Jeff Bolton, vice president for business and planning and chief financial officer, has announced that the staff grant for dependent children who attend an institution other than Carnegie Mellon will be increased to a maximum of $2,050 per semester, beginning in the 2001-2002 academic year.


—The Center for Theology and the Natural Sciences' (CTNS) Science and Religion Course program has awarded $10,000 to Carnegie Mellon to fund the development of a new course focusing on the ongoing dialogue between science and religion. Professor Gary Patterson received the award for his course, "Christianity and Science: A Multidisciplinary Course." The CTNS is a non-profit international member organization, affiliated with the Graduate Theological Union in Berkeley, Calif.


Teddy Seidenfeld, the Herbert Simon professor of philosophy, has been elected to the American Academy of Arts and Sciences. Election to the academy honors men and women who are making leading contributions to every profession and scholarly discipline. Seidenfeld will be inducted on Saturday, Oct. 13, at the House of Academy in Cambridge, Mass.

James McClelland, professor of psychology and computer science, and co-director of the Center for the Neural Basis of Cognition, has been elected to the National Academy of Sciences. Election to membership in the academy is considered one of the highest honors that can be accorded a U.S. scientist or engineer.

Gerald L. Thompson, IBM professor of systems and operations Thomas M. Kerr, associate professor of law and industrial administration in GSIA, have announced their retirements. Thompson has been a member of the GSIA faculty since 1959 and Kerr since 1965.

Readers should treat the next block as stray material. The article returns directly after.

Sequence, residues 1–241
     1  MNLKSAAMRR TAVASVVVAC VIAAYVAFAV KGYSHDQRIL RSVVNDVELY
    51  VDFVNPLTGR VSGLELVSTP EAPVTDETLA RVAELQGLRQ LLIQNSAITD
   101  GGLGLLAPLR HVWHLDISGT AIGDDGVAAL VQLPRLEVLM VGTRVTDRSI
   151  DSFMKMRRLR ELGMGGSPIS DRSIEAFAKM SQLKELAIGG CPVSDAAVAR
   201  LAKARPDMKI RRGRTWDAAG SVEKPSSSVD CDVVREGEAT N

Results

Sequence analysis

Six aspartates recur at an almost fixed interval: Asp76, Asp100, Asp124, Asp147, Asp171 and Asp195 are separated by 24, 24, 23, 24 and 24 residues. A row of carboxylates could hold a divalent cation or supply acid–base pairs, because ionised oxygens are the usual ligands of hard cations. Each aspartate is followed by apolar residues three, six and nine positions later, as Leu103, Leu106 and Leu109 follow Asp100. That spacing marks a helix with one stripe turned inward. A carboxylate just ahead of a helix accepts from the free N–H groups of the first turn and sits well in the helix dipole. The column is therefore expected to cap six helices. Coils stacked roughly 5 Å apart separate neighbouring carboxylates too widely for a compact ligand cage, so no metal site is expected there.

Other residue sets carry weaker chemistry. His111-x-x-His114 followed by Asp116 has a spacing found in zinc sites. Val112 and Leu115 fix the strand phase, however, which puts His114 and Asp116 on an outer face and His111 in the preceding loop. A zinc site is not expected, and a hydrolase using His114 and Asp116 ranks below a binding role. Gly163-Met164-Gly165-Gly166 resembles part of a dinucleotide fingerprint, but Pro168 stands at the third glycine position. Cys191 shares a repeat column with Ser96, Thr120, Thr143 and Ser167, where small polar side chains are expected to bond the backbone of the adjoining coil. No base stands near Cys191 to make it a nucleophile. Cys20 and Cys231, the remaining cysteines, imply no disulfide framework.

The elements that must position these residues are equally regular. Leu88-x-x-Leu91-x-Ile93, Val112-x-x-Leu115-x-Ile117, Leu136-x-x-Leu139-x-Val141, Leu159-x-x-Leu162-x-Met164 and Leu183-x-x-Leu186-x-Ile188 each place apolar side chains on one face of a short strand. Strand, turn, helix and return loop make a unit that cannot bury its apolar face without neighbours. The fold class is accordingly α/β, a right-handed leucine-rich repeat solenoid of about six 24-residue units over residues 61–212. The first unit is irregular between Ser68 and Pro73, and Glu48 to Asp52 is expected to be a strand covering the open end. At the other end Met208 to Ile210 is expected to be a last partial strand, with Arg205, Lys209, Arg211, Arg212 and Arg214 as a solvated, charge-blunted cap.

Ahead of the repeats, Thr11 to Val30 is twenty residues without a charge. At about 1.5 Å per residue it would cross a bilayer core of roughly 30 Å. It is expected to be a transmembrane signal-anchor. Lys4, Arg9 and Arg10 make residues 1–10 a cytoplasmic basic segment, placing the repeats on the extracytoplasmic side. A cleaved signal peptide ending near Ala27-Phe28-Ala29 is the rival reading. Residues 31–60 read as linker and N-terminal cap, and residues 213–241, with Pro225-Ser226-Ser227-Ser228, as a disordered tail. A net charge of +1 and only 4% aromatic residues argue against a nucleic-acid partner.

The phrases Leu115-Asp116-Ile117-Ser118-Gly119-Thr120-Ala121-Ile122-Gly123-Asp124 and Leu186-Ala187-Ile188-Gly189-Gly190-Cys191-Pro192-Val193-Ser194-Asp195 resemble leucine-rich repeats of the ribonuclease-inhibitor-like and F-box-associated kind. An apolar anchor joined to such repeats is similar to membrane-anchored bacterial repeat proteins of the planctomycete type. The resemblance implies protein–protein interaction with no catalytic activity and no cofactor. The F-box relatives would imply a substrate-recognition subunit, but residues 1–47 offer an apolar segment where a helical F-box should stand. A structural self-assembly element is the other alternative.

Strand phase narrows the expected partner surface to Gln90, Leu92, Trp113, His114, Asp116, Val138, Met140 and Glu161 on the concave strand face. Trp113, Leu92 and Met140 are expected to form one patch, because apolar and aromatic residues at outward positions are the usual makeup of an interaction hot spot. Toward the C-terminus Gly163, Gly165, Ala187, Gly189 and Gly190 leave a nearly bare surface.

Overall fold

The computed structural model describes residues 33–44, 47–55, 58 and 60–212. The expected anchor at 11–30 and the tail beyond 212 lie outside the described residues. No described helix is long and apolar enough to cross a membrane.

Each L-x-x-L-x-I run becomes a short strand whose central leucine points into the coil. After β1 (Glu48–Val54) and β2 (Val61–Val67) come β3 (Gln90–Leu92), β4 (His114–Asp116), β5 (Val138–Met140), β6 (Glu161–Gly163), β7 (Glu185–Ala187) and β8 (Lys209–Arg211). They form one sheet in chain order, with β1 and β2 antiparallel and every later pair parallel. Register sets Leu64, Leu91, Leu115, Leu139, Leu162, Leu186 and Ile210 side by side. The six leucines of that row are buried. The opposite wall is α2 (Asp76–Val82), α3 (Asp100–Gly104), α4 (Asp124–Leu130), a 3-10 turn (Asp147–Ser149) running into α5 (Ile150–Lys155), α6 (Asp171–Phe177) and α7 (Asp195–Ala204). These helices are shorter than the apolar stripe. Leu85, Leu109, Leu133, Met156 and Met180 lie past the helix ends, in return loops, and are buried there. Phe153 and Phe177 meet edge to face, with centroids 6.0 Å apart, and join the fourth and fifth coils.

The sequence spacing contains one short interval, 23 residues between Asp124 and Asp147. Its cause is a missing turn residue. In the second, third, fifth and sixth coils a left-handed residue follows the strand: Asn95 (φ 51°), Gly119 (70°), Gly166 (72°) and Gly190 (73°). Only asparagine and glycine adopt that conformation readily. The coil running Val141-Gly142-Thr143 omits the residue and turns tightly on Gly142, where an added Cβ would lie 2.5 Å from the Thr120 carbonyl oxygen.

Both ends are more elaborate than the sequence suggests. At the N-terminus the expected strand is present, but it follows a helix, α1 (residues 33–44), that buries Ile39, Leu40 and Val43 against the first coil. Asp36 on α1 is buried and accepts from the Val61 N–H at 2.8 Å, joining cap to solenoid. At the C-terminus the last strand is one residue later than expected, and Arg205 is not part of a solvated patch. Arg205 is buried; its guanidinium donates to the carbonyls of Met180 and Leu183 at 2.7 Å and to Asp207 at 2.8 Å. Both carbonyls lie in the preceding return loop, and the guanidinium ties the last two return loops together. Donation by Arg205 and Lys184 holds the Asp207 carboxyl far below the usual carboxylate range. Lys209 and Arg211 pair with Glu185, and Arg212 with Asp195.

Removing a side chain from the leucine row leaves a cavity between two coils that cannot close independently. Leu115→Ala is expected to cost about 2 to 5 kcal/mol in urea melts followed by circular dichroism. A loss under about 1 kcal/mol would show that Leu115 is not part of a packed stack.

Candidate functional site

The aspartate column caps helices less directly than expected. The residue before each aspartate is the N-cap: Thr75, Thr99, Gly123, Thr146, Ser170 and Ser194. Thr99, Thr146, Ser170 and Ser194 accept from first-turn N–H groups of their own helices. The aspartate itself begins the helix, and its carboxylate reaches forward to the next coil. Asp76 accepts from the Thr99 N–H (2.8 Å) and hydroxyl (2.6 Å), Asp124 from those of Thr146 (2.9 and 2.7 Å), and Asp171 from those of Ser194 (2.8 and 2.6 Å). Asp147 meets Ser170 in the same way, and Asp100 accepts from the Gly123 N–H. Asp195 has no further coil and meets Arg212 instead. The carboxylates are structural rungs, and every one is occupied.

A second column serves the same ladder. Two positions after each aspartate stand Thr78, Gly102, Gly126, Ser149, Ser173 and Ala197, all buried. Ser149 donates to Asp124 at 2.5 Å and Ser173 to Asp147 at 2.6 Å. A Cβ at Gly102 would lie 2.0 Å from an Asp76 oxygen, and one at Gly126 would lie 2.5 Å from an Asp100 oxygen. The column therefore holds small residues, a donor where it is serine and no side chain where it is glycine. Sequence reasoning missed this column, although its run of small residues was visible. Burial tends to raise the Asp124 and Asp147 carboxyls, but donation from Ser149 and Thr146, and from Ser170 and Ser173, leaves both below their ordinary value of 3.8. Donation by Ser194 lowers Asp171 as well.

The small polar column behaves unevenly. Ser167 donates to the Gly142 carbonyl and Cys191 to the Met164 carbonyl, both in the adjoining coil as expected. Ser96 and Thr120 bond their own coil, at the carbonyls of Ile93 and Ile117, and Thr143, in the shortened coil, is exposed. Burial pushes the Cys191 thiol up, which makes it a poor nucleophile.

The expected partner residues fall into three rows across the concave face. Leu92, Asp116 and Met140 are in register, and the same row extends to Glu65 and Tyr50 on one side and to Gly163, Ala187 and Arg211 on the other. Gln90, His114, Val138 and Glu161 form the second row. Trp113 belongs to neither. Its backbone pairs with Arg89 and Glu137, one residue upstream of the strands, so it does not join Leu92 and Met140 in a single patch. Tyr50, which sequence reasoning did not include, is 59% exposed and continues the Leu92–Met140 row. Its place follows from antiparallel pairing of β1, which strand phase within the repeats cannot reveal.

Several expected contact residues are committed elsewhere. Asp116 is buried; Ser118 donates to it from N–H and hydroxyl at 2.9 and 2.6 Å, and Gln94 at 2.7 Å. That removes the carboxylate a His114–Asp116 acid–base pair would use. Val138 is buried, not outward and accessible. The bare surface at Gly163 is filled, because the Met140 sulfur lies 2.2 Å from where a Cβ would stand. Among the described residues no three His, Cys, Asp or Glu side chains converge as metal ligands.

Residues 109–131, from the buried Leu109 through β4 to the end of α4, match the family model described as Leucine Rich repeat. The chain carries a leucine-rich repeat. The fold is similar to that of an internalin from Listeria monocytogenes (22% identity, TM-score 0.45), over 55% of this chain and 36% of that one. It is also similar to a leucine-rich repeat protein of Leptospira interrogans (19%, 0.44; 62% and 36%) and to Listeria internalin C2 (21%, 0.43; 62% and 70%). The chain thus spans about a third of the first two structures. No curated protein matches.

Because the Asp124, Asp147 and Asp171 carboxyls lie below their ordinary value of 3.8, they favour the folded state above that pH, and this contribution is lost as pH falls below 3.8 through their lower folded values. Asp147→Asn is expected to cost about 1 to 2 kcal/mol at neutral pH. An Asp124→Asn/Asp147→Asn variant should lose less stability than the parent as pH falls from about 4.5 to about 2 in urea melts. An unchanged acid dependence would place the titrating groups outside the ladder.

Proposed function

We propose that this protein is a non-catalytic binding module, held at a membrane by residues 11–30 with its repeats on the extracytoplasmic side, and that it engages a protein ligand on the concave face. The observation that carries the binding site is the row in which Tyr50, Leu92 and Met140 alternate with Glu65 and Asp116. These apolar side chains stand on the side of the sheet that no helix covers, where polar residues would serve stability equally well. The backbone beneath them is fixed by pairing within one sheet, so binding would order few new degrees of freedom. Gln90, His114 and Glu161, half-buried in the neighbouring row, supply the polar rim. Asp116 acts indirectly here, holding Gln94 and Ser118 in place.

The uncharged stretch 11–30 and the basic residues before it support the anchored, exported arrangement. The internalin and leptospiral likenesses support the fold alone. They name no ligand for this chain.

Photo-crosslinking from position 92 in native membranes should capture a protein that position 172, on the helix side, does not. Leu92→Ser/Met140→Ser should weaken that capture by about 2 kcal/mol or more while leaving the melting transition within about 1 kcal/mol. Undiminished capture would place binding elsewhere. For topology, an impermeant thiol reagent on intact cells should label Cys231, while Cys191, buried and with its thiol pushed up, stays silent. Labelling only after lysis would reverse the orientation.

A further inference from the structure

—Following a national search, University Libraries has named Jennie Benford as the new university and H. John Heinz III archivist. She was formerly the project archivist at the Rodef Shalom Congregation, research assistant and docent at the Homewood Cemetery Historical Fund, reference librarian at the Historical Society of Western Pennsylvania, and Clayton docent and docent trainer at the Frick Art and Historical Center. Assisting Benford in the University Archives is Adrian Y. Tinsley, recently hired as archives and art inventory specialist.

—GSIA has completed a new organizational structure, effective July 1. As part of the transition to the new structure, Fallaw Sowell, deputy dean of student and alumni affairs and director of the master's programs, has decided to return to his position as a full-time faculty member of GSIA. "Fallaw's leadership and contributions to the organization have been major factors in the progress of our school," said Dean Douglas Dunn.

Joel B. Greenhouse, associate dean of the College of Humanities and Social Sciences and professor of statistics, will give the third annual Jacob Cohen Memorial Lecture at Columbia University on May 10.

Paul J. Wilhelm (E 1964), president of U.S. Steel and member of Carnegie Mellon's Board of Trustees, died April 27 of complications from cancer. He was 59.


Tuesday, May 8: Women in Science seminar. "Design of Functional Miniature Proteins." Alanna Schepartz, professor of chemistry, Yale University. 4:45 - 6 p.m., Mellon Institute Conference Room. Sponsored by the Department of Chemistry and the Mellon College of Science Dean's Office. Refreshments at 4:30 p.m.

Wednesday, May 9: The "Meeting of the Minds" undergraduate research symposium. Four hundred undergraduates representing every discipline on campus will present their research as posters, oral presentations, visual arts or performances. Noon - 5 p.m., University Center. An awards ceremony follows at 5 p.m.

Saturday, May 12: The Heinz School's annual Stephen M. Lauble Awards event. PNC Ball Park's Pittsburgh Baseball Club (Bierbauers). 7 p.m. Includes jazz, food, a brief awards ceremony for this year's fellowship recipients and an opportunity to meet many local leaders, fellow alumni and Heinz School faculty and staff. Tickets are $40 per person. Proceeds go to the Stephen M. Lauble Fellowship Program. Information:

-Back to the top-

Other Carnegie Mellon News || Carnegie Mellon Home